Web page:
Patience – while advising in any situation will take patience, doing it remotely will likely only increase the amount needed due to the distance, technology disruptions, and lack of face-to-face rapport.

Over-communication – one of the best practices from successful remote advisory boards is to over-communicate everything. Items and points of discussions that might be said in passing or in person might fall through the cracks in a remote set-up. Be sure to CC all advisors on e-mails, have follow-up e-mails after calls, and utilize conference calls to discuss with a larger audience.

Management – with members of the board being primarily remote, the chapter advisor or AAB chairman will need to take a more active role in managing the board-chapter relationship and engagement, scheduling calls, etc.

Remote Advising Resources

Communication

There are several vendors that provide platforms and services that may be of use:

Zoom is a great virtual meeting company that offers free video conferencing for up to 100 people, for a limit of up to 40 minutes, while using the free version. Zoom provides a high-performance platform while being easy to use. We recommend this for short calls with an advisor to the chapter counterpart conversation. For example, a recruitment advisor could use Zoom to check in with the recruitment committee the night before a recruitment event to ensure they are ready for their event.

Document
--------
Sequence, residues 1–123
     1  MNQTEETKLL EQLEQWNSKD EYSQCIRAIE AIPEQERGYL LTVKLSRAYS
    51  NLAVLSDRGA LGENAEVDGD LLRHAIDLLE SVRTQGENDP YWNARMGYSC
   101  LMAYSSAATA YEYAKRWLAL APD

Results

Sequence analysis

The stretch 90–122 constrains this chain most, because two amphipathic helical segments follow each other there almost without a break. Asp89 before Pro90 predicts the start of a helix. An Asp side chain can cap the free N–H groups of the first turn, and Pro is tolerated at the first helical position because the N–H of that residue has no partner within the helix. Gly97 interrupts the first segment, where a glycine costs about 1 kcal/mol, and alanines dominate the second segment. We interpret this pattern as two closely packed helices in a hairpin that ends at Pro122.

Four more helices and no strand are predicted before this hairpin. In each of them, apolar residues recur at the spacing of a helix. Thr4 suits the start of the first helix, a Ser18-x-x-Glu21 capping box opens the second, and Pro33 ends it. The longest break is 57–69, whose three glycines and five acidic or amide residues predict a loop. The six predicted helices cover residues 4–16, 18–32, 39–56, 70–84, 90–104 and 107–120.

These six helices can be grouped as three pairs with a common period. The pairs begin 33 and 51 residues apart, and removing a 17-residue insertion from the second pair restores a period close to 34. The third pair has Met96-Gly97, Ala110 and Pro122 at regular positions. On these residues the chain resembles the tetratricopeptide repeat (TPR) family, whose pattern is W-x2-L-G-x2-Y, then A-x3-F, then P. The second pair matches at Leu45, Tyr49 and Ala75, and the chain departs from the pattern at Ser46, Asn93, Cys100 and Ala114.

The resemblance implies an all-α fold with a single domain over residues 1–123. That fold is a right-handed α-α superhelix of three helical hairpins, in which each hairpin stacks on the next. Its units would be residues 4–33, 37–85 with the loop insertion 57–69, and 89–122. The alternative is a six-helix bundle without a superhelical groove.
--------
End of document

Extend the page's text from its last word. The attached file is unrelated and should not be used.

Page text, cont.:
Google Hangouts provides one of the easiest, most intuitive free video conferencing capabilities of any platform on the web. A video tutorial is available here. Hangouts also allows for document sharing and screen sharing, which can be used for collaborating on documents, viewing web pages, etc. The only requirement is that users have a Google account.

Facetime is for Apple users only but can be a great platform to host calls. Facetime is capable of hosting up to 32 people in a single call and is easily accessed using an iPhone, iPad, or Mac. This can be a great way to hold remote meetings while taking into account busy and on-the-go professionals. For example, a chapter advisor who is living over an hour from the school could use Facetime to host bi-weekly communication with the chapter president.

Microsoft Teams is Microsoft’s version of an all-in-one virtual communication software. In the desktop or web app, they have incorporated user-friendly functions such as chats, calls, and files. Chat is for direct messaging. Teams is the primary interactive space for conversations. Calls are, of course, where you connect for video calls, audio calls, and screensharing. This can be used as a way to ensure that long-term and day-to-day operations are on track. A user can create a Microsoft Teams account for free if they already have a Microsoft account (Outlook). With this free account, they can invite up to 299 more people to join, as long as everyone has a Microsoft account.

Additionally, if someone on your board has access to a conference line, this can also be a great way to set up bi-weekly calls with the executive and alumni advisory board. To ensure that everyone is on the same page about when bi-weekly communication is going to take place, we recommend filling out the Advisor-Officer Communication Contract. This communication plan will help set the expectation on the front end. These conversations can be had via phone, in-person, or over one of the outlined platforms above.

If you have questions, please contact us at volunteer@pikes.org.